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    Hmmm, I remember something similar from school \[e.m.f=-\frac{d \Phi_{B}}{dt}\] Faraday's law of electromagnetic induction

  26. anonymous
    • one year ago
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    Your equation looks different

  27. IrishBoy123
    • one year ago
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    yours is faraday's in simplest form - induced voltage from a changing magnetic field i quoted maxwell #3 in its differential form which is the basis of what you quoted my point though is that when we look at surfaces we are usually concerned with the rate at which something is flowing through it, be it a fluid or a magnetic field.

  28. IrishBoy123
    • one year ago
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    scroll down here to equation 7 http://www.maxwells-equations.com/faraday/faradays-law.php

  29. anonymous
    • one year ago
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    Shouldn't it be a double integral on the right side of equation 7

  30. IrishBoy123
    • one year ago
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    there's a lot of variation in notation. i think the \(\int_S \dots dS \) is enough for some people to signify a double integral

  31. anonymous
    • one year ago
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    Oh, cuz I thought about it like this \[\vec \nabla \times \vec E=-\frac{\partial \vec B}{\partial t}\] \[(\vec \nabla \times \vec E).d \vec A=-\frac{\partial \vec B}{\partial t}.d \vec A\]\[\iint (\vec \nabla \times \vec E). \space d \vec A=-\iint \frac{\partial \vec B}{\partial t}. \space d \vec A\]\[\oint \vec E.d \vec l=-\iint \frac{\partial \vec B}{\partial t}.d \vec A\]

  32. anonymous
    • one year ago
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    Electromagnetism is fascinating, I can't wait to study it in later semesters, the moment when you realize ahh you can apply the math you've learned so beautifully

  33. IrishBoy123
    • one year ago
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    that's pretty good!

  34. anonymous
    • one year ago
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    I think I'll leave discussion about finding total flux over that surface, it still looks a bit confusing and I doubt I'd use it right now, most of the problems require me to find the flux over the lateral surfaces (they mainly want to see how u can apply the theorems etc.) so my exams will be more theorems(statements) and problems based. My main doubt was how to find C for a 3D figure I quote from my syllabus "The emphasis of course is on applications in solving problems of interest to physicists. The students are to be examined entirely on the basis of problems, seen and unseen."

  35. IrishBoy123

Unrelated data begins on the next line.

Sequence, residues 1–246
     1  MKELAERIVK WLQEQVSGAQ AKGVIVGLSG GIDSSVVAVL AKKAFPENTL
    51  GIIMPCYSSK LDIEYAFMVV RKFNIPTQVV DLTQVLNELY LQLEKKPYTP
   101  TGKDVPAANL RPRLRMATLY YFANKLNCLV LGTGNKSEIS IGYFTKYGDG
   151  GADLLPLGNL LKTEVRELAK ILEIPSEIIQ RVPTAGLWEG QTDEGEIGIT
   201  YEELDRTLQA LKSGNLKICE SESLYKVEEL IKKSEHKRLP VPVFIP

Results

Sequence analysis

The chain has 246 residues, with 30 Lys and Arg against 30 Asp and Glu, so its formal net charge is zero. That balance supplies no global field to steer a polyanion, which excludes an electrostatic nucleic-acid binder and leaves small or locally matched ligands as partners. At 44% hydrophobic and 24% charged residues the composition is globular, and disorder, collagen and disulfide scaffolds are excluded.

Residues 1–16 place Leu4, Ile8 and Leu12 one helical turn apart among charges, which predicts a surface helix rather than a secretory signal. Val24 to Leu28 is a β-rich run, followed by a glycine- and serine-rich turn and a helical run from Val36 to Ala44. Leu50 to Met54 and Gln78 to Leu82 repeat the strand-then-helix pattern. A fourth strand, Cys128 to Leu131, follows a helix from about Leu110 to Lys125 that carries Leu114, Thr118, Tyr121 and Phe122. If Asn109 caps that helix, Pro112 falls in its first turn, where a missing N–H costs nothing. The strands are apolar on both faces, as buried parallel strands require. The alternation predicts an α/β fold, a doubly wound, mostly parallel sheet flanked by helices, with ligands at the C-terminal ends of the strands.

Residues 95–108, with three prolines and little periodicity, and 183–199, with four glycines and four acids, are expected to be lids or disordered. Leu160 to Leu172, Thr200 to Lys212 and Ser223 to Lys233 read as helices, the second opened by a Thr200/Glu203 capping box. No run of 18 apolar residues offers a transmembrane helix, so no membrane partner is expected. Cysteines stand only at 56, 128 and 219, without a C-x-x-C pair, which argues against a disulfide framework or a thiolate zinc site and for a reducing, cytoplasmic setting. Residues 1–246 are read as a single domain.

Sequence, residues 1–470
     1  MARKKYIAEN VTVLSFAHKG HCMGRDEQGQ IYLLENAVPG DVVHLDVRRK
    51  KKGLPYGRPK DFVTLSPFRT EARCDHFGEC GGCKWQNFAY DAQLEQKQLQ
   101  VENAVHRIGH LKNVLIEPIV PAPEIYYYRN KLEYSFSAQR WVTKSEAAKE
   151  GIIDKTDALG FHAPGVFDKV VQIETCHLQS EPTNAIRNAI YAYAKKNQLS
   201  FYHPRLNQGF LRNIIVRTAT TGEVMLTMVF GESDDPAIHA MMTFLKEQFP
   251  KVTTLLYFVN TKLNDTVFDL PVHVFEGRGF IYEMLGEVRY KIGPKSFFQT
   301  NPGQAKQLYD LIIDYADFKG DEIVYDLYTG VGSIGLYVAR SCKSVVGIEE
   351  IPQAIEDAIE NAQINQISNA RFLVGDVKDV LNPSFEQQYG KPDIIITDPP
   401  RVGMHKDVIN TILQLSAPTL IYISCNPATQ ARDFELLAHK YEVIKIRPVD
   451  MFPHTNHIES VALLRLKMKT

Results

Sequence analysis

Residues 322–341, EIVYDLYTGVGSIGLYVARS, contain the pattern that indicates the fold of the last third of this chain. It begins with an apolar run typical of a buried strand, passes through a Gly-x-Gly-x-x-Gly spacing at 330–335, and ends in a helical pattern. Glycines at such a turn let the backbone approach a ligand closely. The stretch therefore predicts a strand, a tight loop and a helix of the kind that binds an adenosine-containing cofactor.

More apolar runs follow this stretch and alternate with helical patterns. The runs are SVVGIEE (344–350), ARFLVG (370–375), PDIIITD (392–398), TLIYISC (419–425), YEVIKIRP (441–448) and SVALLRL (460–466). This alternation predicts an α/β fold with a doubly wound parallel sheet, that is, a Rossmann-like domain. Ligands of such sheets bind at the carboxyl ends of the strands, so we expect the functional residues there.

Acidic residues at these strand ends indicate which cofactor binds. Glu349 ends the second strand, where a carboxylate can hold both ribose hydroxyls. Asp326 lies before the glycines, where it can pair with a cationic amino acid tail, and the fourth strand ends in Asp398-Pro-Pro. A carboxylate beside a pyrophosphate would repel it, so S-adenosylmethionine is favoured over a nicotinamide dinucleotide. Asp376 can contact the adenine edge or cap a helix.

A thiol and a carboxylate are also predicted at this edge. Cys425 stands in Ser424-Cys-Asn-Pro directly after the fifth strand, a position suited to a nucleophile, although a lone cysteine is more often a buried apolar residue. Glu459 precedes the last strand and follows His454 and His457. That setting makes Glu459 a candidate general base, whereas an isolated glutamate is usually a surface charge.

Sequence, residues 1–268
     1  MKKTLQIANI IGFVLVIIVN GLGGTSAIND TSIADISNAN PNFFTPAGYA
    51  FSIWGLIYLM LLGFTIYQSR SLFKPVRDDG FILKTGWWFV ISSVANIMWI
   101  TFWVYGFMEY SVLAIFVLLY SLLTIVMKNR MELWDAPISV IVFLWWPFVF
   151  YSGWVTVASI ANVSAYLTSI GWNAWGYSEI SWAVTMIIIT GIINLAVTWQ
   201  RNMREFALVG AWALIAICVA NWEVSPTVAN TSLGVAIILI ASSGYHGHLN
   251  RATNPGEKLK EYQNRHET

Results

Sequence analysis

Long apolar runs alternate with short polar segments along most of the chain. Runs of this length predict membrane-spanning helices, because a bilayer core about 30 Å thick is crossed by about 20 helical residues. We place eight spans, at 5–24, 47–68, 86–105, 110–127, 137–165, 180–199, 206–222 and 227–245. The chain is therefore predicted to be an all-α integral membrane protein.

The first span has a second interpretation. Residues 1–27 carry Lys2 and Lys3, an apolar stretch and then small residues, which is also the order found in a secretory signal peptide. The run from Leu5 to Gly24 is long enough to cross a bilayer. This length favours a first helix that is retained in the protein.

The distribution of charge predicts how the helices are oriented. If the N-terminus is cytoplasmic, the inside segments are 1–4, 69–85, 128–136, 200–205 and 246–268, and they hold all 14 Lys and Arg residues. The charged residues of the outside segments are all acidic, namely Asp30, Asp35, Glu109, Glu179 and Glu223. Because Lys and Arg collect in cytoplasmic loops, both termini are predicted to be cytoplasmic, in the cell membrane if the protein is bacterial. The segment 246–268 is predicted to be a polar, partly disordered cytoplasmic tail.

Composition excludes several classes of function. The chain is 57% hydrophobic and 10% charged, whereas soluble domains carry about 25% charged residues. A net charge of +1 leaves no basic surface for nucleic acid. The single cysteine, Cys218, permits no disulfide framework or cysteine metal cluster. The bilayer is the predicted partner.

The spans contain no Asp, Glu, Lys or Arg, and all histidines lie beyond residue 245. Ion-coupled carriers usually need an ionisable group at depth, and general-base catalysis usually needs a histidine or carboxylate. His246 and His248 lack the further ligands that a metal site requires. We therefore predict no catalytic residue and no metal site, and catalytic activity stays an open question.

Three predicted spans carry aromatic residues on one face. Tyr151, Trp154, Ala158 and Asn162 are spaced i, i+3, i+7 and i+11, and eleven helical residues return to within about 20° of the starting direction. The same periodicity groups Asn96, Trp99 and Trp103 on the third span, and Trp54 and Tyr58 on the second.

• one year ago
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    try this. i could really do with the practise too but i've got a lot of rugby to watch this evening:-) so i'll have a go later.... it is set up to be do-able in a few ways, so might be interesting.

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  36. IrishBoy123
    • one year ago
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    oh, i mean example 1

  37. anonymous
    • one year ago
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    \[\vec V=4y \hat i+x \hat j+2z \hat k\] S is \[x^2+y^2+z^2=a^2\] \[z \ge 0\] |dw:1443891158189:dw| Hmm one way we can do is convert into line integral using stokes' theorem! \[\iint_\limits{S}(\vec \nabla \times \vec V).\hat n \space d \sigma=\oint_\limits C \vec V.d \vec r\] C is the circular loop in the xy plane therefore z=0, dz=0 \[\iint_\limits S=\oint_\limits{C}4ydx+xdy=\int\limits_{0}^{2\pi} (-4a^2\sin^2(\theta)+a^2\cos^2(\theta)) d \theta\]\[\iint_\limits{S}=\frac{a^2}{2}\int\limits_{0}^{2\pi}(5\cos(2\theta)-3)d \theta=\frac{a^2}{2}[\frac{5\sin(2 \theta)}{2}-3 \theta]_{0}^{2\pi}=-3 \pi a^2\] 2nd we can find curl then take the projection on xy plane \[\iint_{S}=\iint_{R}(\vec \nabla \times \vec V).\hat n \frac{dxdy}{\hat n . \hat k}\] \[\vec \nabla \times \vec V=-3 \hat k\] \[\hat n=\frac{x \hat i+y \hat j+z \hat k}{\sqrt{x^2+y^2+z^2}}\]\[(\vec \nabla \times \vec V).\hat n=-\frac{3z}{\sqrt{x^2+y^2+z^2}}\]\[\frac{1}{\hat n . \hat k}=\frac{\sqrt{x^2+y^2+z^2}}{z}\] \[\iint_\limits{S}=\iint_\limits{R}-\frac{3z}{\sqrt{x^2+y^2+z^2}}.\frac{\sqrt{x^2+y^2+z^2}}{z}dxdy=-3\iint_\limits{R}dxdy=-3\pi a^2\]

  38. anonymous
    • one year ago
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    @IrishBoy123

  39. IrishBoy123
    • one year ago
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    yes! i think this is a really good book, you will know the maths already: http://www.amazon.co.uk/A-Students-Guide-Maxwells-Equations/dp/0521701473 there is a pdf somewhere on the net so you can try it first and see if you like it. by the time you finish it you will see how Maxwell worked out the speed of light whilst sitting at his desk doing some maths! amazing stuff really.